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In re Newpage Corp.

United States District Court, D. Delaware

July 12, 2017

KADANT SOLUTIONS DIVISION, Appellee. Bank. No. 11-12804 (KG) Adv. No. 13-52520 (KG)

          M. Blake Cleary, Esquire, Jaime Luton Chapman, Esquire, and Andrew L. Magaziner, Esquire, of Young Conaway Stargatt & Taylor LLP, Wilmington, Delaware. Counsel for Pirinate Consulting Group, LLC, as Litigation Trustee of the NP Creditor Litigation Trust.

          Rachel B. Mersky, Esquire, of Monzack Mersky McLaughlin and Browder, P.A., Wilmington, Delaware; and Janey E. Bostwick, Esquire, of Janet E. Bostwick, P.C., Boston, Massachusetts. Counsel for Kadant Solutions Division.


          ROBINSON Senior District Judge.


         This appeal arises from a preference action filed by Pirinate Consulting Group, LLC, as trustee ("Trustee") of a creditors' litigation trust created under the confirmed Chapter 11 plan of NewPage Corporation, et al. ("NewPage" or "Debtors"). The preference action sought to avoid $765, 120.68 in payments made to defendant Kadant Solutions Division ("Kadant") within the ninety days prior to September 7, 2011 ("Petition Date").[1] On September 30, 2016, the bankruptcy court entered a memorandum opinion and order, Pirinate Consulting Group, LLC v. Kadant Solutions Division, Adv. No. 13-52530 (KG), 2016 WL 5787237 (Bankr. D. Del. Sept. 30. 2016), granting Kadant's motion for summary judgment and dismissing the adversary proceeding. The bankruptcy court determined that: (i) a $351, 709.20 transfer ("EDS payment") was not subject to avoidance because it was a prepayment and not a transfer on account of an antecedent debt as required for avoidance by § 547(b)[2] of the Bankruptcy Code; and (ii) the remaining transfers at issue, totaling $413, 411.48, were protected from avoidance by the Bankruptcy Code's ordinary course defense.[3] Trustee appeals the bankruptcy court's decision with respect to the EDS payment on the basis that the bankruptcy court erred in determining that it was not a transfer on account of an antecedent debt.


         Kadant manufactures and designs accessory equipment used in the pulp and paper manufacturing industries. (R100)[4] Its business includes: (i) supplying standard parts and supplies on a routine basis; and (ii) custom manufacturing of capital equipment for customers. (See id.) Capital equipment orders involve customized equipment built for a customer's specific application or installation, requiring a substantial investment by the customer. (See id.) Such orders are separately negotiated and contain significant additional terms and conditions. (R354)

         Prior to the Petition Date, Debtors and Kadant entered into negotiations for the custom manufacture of six gravity drainage structures referred to by the parties and bankruptcy court as the Escanaba Mill Structures or "EDS." In connection therewith, the parties executed the "General Terms and Conditions for Contracts and Purchase Orders for Purchase of Equipment" ("General Terms") in May 2010. (R100; R106-22) The General Terms defined "Contract" as "[t]he Purchase Order to which these Terms and Conditions are attached . . ., all documents incorporated by reference under the Purchase Order or under these Terms and Conditions . . . and all exhibits and amendments to all such documents." (R108) The General Terms provided that the Debtors could terminate a purchase order at any time without cause on 10 days' notice to Kadant. (R118) In the event of such a cancellation, Debtors were only liable for actual costs incurred by Kadant (plus normal markups) up to the date of cancellation, not to exceed the contract price.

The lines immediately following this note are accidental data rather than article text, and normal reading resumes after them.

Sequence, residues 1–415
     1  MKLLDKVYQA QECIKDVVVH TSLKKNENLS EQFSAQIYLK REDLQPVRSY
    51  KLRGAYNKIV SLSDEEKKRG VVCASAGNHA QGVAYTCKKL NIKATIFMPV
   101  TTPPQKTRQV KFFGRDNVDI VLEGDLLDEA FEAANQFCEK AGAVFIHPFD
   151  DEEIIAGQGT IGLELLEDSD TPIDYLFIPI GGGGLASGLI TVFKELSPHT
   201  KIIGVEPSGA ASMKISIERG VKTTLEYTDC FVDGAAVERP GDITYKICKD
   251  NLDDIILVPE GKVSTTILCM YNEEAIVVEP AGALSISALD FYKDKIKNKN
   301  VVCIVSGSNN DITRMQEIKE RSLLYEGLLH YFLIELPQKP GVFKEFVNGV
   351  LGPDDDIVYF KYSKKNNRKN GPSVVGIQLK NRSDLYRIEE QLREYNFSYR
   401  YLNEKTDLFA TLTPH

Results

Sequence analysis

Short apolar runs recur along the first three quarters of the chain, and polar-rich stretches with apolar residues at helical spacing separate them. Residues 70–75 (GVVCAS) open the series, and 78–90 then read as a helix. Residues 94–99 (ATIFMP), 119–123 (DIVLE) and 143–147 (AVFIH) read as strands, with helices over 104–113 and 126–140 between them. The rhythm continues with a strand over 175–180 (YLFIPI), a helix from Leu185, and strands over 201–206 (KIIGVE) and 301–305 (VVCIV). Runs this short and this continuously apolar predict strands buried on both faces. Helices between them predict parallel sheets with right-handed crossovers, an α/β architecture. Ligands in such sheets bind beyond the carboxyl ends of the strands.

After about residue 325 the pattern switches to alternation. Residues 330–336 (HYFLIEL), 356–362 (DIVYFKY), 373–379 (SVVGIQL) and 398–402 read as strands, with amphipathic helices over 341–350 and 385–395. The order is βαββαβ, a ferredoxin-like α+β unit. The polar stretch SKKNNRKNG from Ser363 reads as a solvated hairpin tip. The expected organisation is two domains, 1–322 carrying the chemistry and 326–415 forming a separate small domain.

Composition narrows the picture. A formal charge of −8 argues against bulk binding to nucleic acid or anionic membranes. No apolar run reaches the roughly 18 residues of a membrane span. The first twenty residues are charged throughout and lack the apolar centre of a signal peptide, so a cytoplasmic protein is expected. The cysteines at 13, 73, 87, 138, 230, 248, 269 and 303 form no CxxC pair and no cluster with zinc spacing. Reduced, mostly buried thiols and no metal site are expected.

In July and August 2011, the parties negotiated the terms and conditions of the contract for the manufacture of the EDS, during the course of which Kadant submitted several "revised proposal[s]" for NewPage's review. (See R124-55, dated August 10, 2011, titled "Quotation Number QCEP081 rev. 4" (herein, "Revised Quote 4"); R168-98, dated September 12, 2011, titled "Quotation Number QCEP0281 rev. 5" (herein, "Revised Quote 5")) Kadant attached to each of the revised quotes three appendices: (i) a proposed "Mechanical Vibration Warranty" (Appendix A);[5] (ii) proposed "Terms of Payment" requiring prepayment in the amount of 60% of the contract price ("60% with order"), 20% "with Certified Drawings, " and the final 20% "prior to shipment" ("payment must be received before the equipment leaves manufacturing plant") (Appendix B); and (iii) the executed General Terms (Appendix C). Regarding the parties' transaction, there appears no dispute that, following continued negotiations in early August, these events occurred: